He thought about how much of the word “failure” he embodied. About what must happen in one’s life so that blackmail is an option. About a man, maybe with his own son, and what $5,000 could buy him. About how he himself would react if he had gotten such a threatening email. Then he thought about how polished a product he could create with five grand. About appearing in local bookstores and selling autographed copies. About presenting a special edition to the governor. About this self-produced book could lead to a contract with a publisher.
From behind the sofa he watched his wife in the middle of a much-deserved sleep and contemplated whether to just leave her or lay next to her. Before he could decide, the inactivity timer on the television turned it off automatically, leaving them in complete darkness. Only seconds later, another light and a buzz as her cell phone vibrated in her hand. She snapped awake, appearing as a silhouette to him, head turning quickly as she remembered where she was. She lifted her cell phone to read a text message, replied, then curled up again.
Andy, frozen, weighed options before choosing to wait until he was certain she was asleep again. Then he went back up to his bedroom where he tried to get back to sleep.
“Hey,” said Andy when he caught his wife coming out of the shower.
“Hey. Sorry about last night.”
“I have a meeting this afternoon that I’m really worried about.” She roughed her hair with a towel. “I have someone I have to let go, and it’s really getting to me.”
“I know how he feels,” Andy said.
“Oh, I’m sorry. I shouldn’t have mentioned it. It’s just that he’s been really good, but I have to choose between two good people. I can’t keep both, and I know it’s going to crush him.”
He watched as she walked away, towel pulled up a little higher than perhaps she realized. Then she stopped, turned her head, and caught him eyeing her. She smiled, then let the towel fall. She didn’t move, which was enough for him to know an invitation when he saw one. He pushed himself against her from behind, arms reaching around for soft places wanting the feel of hard hands. His teeth found the back of her neck, which then arched and gave him more. She reached back, first with her hands on the back of his head, then reaching back with her whole body against his. But she stopped and spun around, leaving him with only a simple peck on the lips.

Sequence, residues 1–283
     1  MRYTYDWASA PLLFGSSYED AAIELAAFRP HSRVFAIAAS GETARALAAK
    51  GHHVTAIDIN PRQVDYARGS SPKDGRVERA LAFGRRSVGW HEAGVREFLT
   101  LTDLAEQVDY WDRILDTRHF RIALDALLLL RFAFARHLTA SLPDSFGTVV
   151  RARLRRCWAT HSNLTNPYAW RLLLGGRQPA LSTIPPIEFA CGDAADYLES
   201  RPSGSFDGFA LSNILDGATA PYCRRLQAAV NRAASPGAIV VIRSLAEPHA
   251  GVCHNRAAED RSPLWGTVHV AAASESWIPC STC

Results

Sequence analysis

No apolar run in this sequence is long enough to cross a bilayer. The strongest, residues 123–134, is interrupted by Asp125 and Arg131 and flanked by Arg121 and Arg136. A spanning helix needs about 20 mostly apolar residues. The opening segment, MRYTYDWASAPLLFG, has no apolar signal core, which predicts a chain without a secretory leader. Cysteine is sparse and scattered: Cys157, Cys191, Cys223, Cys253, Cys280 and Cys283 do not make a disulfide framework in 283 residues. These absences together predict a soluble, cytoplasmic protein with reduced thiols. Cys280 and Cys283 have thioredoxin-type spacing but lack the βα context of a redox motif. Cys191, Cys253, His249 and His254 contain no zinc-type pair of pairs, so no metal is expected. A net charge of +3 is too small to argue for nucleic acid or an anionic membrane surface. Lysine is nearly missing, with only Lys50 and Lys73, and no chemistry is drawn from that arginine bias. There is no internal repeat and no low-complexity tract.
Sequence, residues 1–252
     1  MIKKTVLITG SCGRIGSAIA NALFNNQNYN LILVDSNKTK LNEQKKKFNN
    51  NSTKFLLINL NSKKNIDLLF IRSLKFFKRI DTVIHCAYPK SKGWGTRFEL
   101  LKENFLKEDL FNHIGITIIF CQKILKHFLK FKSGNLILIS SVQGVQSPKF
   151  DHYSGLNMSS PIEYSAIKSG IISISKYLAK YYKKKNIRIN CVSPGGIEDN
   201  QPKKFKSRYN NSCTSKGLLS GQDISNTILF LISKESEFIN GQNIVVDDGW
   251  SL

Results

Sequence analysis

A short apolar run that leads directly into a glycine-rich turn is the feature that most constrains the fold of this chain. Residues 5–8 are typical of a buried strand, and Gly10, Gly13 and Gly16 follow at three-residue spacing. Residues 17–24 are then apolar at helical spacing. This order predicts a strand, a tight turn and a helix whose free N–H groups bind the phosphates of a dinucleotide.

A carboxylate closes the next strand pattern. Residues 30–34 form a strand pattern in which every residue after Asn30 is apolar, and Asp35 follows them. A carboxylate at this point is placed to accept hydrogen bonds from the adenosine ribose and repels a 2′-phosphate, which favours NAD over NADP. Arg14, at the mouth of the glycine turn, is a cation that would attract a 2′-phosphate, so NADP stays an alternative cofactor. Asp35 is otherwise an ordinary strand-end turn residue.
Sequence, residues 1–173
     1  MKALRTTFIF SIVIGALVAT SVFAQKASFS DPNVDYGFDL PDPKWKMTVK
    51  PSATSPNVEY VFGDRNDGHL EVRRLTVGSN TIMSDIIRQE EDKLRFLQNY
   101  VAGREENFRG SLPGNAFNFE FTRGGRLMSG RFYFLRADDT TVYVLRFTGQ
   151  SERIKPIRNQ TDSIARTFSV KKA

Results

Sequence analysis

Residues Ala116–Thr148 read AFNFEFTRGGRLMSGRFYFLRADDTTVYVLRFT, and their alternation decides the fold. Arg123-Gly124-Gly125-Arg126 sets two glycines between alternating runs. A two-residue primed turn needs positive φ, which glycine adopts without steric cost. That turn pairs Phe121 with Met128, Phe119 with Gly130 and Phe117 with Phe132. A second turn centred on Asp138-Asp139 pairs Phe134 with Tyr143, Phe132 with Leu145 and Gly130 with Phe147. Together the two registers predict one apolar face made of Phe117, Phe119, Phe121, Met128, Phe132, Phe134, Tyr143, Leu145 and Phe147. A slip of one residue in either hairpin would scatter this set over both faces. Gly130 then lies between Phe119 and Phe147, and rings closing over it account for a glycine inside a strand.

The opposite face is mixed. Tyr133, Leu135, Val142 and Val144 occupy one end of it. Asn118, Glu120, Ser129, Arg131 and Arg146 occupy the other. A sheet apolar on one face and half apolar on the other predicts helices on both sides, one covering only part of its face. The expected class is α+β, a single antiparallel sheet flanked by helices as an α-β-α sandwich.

“Save that for tonight, mister,” she smiled. “I’m going to be an emotional mess when I get home tonight, and I’m going to need you to help me forget about.”
Andy went back downstairs and poured a cup of coffee before joining their son was watching Sesame Street while munching on a bowl of dry Cheerios. He checked his email through his cell phone, looking both for replies to job applications as well as confirmation, received, from the man who would hand over $5,000.
Noises from upstairs distracted him, something that sounded to him like boxes or things tumbling to the floor. He was about to go upstairs to see if his wife needed help, but the boy accidentally dumped over his cereal, about which the dog was very happy. Andy was happy that the boy was too young to add milk to the cereal on his own. He got up from the sofa when he heard a sound that had been missing for a long time.
“Hey, you need help up there?” he asked, but then changed gears quickly. “Heels?” He smiled. “You haven’t worn those in a long time.”
“Too long,” she said.
“Well, it’s a power thing. If I’m going to fire someone, it helps to feel a little taller.” She buckled her fur-lined coat. “But there’s also a guy who needs some of my attention. And a woman in heels like these usually gets a guy’s eye rather quickly.” He was about to pull her close again, as he had when he caught her coming out of the shower, but she kept him at half-arms length. “Not now,” she said. “I told you to save it until later.”
“Oh, crap,” he said, “I forgot to make your lunch. I’m sorry.”
“No no. We’re all going to lunch today to finalize the list of who we’re keeping and letting go. Don’t worry about it.”
“Okay. Good luck.” A kiss and she was gone.
There was a blue and white truck parked at the Airport Marriot that afternoon. Inside, there was flesh, sweat, and heat wrapped in bed sheets that eventually came to rest on the floor near the window that overlooked the highway and city skyline thirty miles away. Clothes were across the sofa, shoes were near the bathroom, and grunts were echoed and gone. Two wine bottles were empty. Two people, still greatly affected by the wine, were in the midst of a short nap, still on the floor, but one was stirring.